Having an Abortion: Why Do I Need an Ultrasound?

18 Feb, 2020

 

 

I’m Considering Having An Abortion: Why Do I Need An Ultrasound?

Having an abortion?  You need an ultrasound.  You can get one for free.

An ultrasound is an imaging procedure using high-frequency sound waves to allow you and medical professionals to get a better understanding of what is going on with your body. It doesn’t just confirm a viable pregnancy and detect a fetal heartbeat, but additionally, can detect potential pregnancy risks through comprehensive assessment by an experienced medical professional.

What types of risks can be detected?

A miscarriage is a spontaneous loss of a pregnancy before the 20th week. Approximately,  10-20% of pregnancies end in miscarriage and an even higher percentage of miscarriages occur before a woman even knows she is pregnant. According to the United States CDC, 1,118,000 out of 6,578,000 total pregnancies end in miscarriage with 80% of those occurring in the first trimester.

During an ultrasound appointment, an experienced registered nurse sonographer will perform an assessment including total health history, vital signs, and pain assessment to detect abnormal cramping in your pelvic area or back, fluid or clots actively passing through your vagina or spotting.

Often, miscarriages are silent. If none of these signs and symptoms are present, the registered nurse sonographer can proceed with the ultrasound. If the ultrasound demonstrates an inability to detect a baby’s heartbeat after six or more weeks of life, miscarriage precautions will be given and the patient will be immediately referred to a higher level of OBGYN care or emergency services.

Through early detection and intervention made possible by the ultrasound and comprehensive health assessment, life-threatening conditions can be assessed and addressed immediately.

An ectopic pregnancy is one that is growing in the wrong place. A normal baby grows inside the uterus or womb, but in an ectopic pregnancy, the baby can be in the fallopian tube, ovary, cervix or abdominal cavity. Ectopic pregnancies account for 1-2 % of pregnancies and are the most common cause of pregnancy-related deaths in the first trimester.

During an ultrasound appointment, the registered nurse sonographer will assess the patient for severe pain, specifically centered on one side of the abdomen or pelvis, lightheadedness, dizziness, blackouts, abnormally low blood pressure, the passage of tissue from the vagina or bleeding from the vagina that may or may not be active.

If the patient reports these symptoms during the health assessment or if the patient has a positive pregnancy test without a gestational sac on ultrasound, the patient will receive ectopic precautions and be referred to urgent care for immediate medical attention.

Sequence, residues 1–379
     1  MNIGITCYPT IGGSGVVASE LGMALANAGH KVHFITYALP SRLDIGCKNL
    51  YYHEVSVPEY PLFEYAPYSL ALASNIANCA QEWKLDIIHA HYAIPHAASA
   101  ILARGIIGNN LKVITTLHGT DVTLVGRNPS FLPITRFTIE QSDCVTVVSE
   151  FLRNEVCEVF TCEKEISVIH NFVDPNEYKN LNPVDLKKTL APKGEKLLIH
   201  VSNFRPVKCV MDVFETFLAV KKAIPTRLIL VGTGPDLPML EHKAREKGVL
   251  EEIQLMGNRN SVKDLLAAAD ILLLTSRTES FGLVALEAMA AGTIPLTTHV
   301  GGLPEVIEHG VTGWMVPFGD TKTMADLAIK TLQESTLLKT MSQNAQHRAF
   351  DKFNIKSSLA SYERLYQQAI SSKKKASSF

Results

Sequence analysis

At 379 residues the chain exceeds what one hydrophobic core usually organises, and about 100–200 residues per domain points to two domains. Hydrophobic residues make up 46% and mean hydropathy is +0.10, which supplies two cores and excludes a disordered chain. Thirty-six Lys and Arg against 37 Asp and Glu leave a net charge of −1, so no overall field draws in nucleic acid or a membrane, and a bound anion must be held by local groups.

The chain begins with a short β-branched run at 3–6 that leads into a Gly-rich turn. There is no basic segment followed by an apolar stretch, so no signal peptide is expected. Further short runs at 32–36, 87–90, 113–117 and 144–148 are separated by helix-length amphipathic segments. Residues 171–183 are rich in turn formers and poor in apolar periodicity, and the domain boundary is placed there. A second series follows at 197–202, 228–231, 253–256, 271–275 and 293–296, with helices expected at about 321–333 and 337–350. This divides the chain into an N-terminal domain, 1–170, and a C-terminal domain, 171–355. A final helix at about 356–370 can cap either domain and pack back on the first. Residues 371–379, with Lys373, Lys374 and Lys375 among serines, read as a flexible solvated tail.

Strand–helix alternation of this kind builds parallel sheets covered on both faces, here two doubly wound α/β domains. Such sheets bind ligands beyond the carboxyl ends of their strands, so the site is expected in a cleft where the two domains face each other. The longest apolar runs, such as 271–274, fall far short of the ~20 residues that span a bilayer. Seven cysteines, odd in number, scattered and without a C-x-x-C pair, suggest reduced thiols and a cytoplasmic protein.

Case Study #1

A patient came into TPPRC to confirm a pregnancy. The patient had a positive pregnancy test, met all requirements for an ultrasound including no pain greater than menstrual cramps or level 6, no active bleeding or spotting, no history of ectopic pregnancy or IUD in place. During the ultrasound, the sonographer was not able to see what she expected to see, gave the patient miscarriage and ectopic precautions, and instructed the patient to report to the urgent care, especially if she experienced severe pain, cramping or bleeding.

Four hours after the exam, the patient started to experience pain and cramping, remembered what the sonographer instructed her to do, and immediately went to the emergency room. A second ultrasound was done under a high-level OBGYN. The patient was found to have internal bleeding and went straight to emergency surgery.

When following up with the patient, the patient was grateful that she came to TPPRC after being denied an ultrasound at another clinic. Her condition was life-threatening and because of early detection through comprehensive assessment and ultrasound, she received the immediate care she needed.

Case Study #2

Another patient came to TPPRC after seeking medical services after not having the financial means or transportation to get to a clinic near her home. During an ultrasound, the sonographer did not see what she expected to see in that there was no pregnancy in the uterus. The patient was given ectopic precautions and an UBER was ordered to transport her to the emergency room, as this patient had no transportation. In the emergency room, the ultrasound determined an ectopic pregnancy and the patient went into emergency surgery.

When following up with the patient, she reported that if she had gone to any other clinic where they did not perform a comprehensive health assessment, this life-threatening condition would not have been detected.

Missed ectopic pregnancy is a leading cause of emergency medicine malpractice claims. At Turning Point Pregnancy Resource Center, we prioritize a comprehensive health assessment, which includes the ultrasound to not only give the patient all the information to make informed decisions but to aid in the early detection of medical emergencies. We understand the integral part this plays in patient outcomes.

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